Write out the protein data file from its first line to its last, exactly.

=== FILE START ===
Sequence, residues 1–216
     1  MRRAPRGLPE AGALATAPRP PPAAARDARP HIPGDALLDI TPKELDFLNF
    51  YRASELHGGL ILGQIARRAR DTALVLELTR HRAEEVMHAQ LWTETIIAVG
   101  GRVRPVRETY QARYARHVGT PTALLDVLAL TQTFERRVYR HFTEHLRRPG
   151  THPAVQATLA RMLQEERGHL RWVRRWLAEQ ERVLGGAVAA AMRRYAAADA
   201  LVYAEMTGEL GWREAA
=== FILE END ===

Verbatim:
Sequence, residues 1–216
     1  MRRAPRGLPE AGALATAPRP PPAAARDARP HIPGDALLDI TPKELDFLNF
    51  YRASELHGGL ILGQIARRAR DTALVLELTR HRAEEVMHAQ LWTETIIAVG
   101  GRVRPVRETY QARYARHVGT PTALLDVLAL TQTFERRVYR HFTEHLRRPG
   151  THPAVQATLA RMLQEERGHL RWVRRWLAEQ ERVLGGAVAA AMRRYAAADA
   201  LVYAEMTGEL GWREAA